This scholarly article discusses the diction used when prostitution is brought into conversation. The author expresses disgust at today’s society’s tendency to belittle the criminality of buying sex from trafficked persons, the role of prostitution in the market, and the responsibility of customers and their demand for continuing demand for prostitutes. This article is a reminder that prostitution is often not a choice and qualifies as a form of sexual abuse.
No official orthographic documents could be found at the current time. The drive-in sex chalets are elementary enough that they could be understood and converted to orthographic documents via information gathered from photographs.
Video and Audio
Euro News. Zurich opens ‘drive-in sex boxes.’ YouTube. 1:23. August 18, 2013. http://www.youtube.com/watch?v=_cnyBsNtXzE.
This YouTube video contains several, brief interviews and basic information about the sex boxes such as explaining the initiative to regulate prostitution and details on safety features of drive-ins. One interview explains that sex boxes are located away from residential areas.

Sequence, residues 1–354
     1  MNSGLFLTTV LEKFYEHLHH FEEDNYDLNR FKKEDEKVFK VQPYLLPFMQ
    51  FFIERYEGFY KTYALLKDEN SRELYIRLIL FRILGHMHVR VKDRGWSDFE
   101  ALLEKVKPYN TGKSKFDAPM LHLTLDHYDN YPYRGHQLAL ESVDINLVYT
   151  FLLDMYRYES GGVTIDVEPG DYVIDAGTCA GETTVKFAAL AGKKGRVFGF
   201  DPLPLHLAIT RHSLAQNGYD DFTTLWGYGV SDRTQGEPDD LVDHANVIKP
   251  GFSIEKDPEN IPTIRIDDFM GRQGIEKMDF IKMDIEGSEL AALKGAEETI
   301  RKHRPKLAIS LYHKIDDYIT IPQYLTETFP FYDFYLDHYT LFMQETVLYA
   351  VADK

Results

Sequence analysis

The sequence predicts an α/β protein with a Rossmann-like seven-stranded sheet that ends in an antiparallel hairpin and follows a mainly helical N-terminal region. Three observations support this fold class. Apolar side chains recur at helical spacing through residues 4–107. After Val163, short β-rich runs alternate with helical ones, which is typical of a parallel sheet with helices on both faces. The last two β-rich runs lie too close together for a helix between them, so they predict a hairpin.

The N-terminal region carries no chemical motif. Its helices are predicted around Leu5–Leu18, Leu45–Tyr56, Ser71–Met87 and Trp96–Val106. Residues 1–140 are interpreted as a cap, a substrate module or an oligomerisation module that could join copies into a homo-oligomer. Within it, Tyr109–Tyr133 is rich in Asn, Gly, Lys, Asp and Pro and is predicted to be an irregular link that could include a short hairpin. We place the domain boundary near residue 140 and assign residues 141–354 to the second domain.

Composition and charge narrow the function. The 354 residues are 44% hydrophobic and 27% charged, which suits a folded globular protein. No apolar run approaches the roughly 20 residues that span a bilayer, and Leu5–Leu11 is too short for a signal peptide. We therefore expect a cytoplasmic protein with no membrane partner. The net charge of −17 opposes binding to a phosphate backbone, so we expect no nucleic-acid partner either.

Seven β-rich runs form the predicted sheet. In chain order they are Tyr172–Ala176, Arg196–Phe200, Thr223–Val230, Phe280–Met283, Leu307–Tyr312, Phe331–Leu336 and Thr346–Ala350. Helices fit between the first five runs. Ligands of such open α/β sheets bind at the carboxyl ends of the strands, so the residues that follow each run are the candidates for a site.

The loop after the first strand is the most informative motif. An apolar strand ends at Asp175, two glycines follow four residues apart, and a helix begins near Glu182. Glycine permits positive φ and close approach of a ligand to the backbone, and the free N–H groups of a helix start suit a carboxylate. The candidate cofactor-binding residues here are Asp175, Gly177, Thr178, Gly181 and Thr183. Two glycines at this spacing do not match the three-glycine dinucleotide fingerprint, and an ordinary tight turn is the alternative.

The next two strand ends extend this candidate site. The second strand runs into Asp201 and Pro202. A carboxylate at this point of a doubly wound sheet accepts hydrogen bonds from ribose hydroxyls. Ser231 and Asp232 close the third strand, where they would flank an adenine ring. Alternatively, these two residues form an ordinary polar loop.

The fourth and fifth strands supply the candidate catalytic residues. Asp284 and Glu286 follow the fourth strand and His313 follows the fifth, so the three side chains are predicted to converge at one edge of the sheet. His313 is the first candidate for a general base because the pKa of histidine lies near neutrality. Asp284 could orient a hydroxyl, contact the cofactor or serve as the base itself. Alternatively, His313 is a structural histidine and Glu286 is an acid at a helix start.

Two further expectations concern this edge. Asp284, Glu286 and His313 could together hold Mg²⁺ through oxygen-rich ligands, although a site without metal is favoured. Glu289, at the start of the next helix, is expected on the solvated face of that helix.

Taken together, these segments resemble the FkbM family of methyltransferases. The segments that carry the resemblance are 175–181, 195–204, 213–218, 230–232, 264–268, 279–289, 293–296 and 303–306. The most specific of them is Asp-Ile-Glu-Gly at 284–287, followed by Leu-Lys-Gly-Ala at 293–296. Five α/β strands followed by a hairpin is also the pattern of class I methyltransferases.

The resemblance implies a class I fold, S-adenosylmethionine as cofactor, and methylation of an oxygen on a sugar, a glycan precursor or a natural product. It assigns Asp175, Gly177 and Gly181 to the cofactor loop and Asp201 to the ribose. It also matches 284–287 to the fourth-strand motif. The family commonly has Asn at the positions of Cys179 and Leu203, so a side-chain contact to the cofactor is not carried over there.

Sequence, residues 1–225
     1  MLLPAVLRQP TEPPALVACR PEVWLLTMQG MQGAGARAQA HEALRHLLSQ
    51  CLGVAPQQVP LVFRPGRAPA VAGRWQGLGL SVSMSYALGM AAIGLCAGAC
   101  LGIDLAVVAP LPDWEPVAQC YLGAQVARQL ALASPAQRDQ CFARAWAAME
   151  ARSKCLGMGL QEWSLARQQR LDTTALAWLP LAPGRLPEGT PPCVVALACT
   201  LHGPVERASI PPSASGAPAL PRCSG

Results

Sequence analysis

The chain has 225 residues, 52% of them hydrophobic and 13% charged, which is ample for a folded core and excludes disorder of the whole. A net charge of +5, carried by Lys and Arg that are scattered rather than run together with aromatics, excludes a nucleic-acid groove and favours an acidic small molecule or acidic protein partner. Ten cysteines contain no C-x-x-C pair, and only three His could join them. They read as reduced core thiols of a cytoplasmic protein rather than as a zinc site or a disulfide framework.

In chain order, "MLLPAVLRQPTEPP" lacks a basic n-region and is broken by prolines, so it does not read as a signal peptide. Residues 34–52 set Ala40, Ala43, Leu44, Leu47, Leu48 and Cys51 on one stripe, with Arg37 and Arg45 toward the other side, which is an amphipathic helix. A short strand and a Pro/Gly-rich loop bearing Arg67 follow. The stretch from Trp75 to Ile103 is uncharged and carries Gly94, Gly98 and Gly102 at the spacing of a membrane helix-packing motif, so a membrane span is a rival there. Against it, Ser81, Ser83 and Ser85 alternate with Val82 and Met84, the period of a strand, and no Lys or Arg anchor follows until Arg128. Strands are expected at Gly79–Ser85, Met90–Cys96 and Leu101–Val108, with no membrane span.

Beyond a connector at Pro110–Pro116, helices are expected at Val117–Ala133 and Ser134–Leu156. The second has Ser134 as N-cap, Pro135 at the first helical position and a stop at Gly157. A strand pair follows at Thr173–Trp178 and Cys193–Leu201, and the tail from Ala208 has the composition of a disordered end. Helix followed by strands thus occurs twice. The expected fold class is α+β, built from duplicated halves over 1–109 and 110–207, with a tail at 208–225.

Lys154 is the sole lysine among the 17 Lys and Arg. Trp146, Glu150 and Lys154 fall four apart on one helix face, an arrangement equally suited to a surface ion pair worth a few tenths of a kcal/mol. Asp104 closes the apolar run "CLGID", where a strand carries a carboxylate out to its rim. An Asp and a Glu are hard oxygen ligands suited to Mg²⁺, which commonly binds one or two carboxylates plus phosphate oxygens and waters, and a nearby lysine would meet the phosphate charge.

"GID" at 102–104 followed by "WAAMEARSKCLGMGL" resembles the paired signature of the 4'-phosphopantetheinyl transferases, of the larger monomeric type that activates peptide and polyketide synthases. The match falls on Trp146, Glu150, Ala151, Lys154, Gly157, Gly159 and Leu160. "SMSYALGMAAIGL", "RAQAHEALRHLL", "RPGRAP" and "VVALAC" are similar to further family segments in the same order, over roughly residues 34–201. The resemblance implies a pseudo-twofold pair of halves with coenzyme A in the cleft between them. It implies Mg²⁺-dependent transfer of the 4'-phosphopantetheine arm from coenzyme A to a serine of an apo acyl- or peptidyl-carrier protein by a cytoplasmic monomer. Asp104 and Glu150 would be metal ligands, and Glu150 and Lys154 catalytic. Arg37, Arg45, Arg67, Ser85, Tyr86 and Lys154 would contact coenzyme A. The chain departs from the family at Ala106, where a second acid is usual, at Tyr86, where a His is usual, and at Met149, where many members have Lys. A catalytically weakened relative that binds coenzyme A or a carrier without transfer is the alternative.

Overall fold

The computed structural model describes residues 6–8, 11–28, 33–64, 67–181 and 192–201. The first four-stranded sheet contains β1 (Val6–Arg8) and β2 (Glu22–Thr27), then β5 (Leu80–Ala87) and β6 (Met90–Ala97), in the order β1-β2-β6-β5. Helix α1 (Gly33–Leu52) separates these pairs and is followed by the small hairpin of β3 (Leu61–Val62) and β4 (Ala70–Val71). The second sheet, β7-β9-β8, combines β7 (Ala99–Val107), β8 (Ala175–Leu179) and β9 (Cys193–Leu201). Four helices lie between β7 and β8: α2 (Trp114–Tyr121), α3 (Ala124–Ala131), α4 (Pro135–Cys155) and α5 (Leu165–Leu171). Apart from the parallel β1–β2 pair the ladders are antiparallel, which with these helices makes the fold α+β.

Agence France-Presse. Zurich divided as sex drive-in opens its doors. YouTube. 1:34. August 25, 2013. http://www.youtube.com/watch?v=QzuFVU4umRI.
This YouTube video contains insightful, basic information such as a descriptive explanation of the strategy of the drive-in units and its safety features such as a panic button and passenger-side-only exit. The video also expands on the goal of the government to control the business by giving it a physical site with wellness resources rather than to attempt the impossible by trying to shut the sex market down.
Amor, Jaime Sepulveda, Jaime Sepulveda, Harvey V. Fineberg, M. Mann. AIDS: Prevention through Education. New York: Oxford University Press: 1992.
This book presents how public health and government officials have been working to decrease the prevalence of AIDS in Europe. Of special interest is information on initiatives to make prostitution less dangerous for the women. Between decriminalization, ad campaigns, and wellness support, women who work in the sex industry are being provided with more information on safe sex than ever. Dutch huiskamers (less permanent version of Zurich’s sex boxes), gedoogzone (areas of street where prostitution is allowed at certain hours), and afwerplek (comparable to Zurich’s sex boxes) are all specialized places for the purpose of prostitution with various levels of public exposure and government supervision. The Dutch sex box was a precedent for those built in Zurich, so it is important to know about their construction.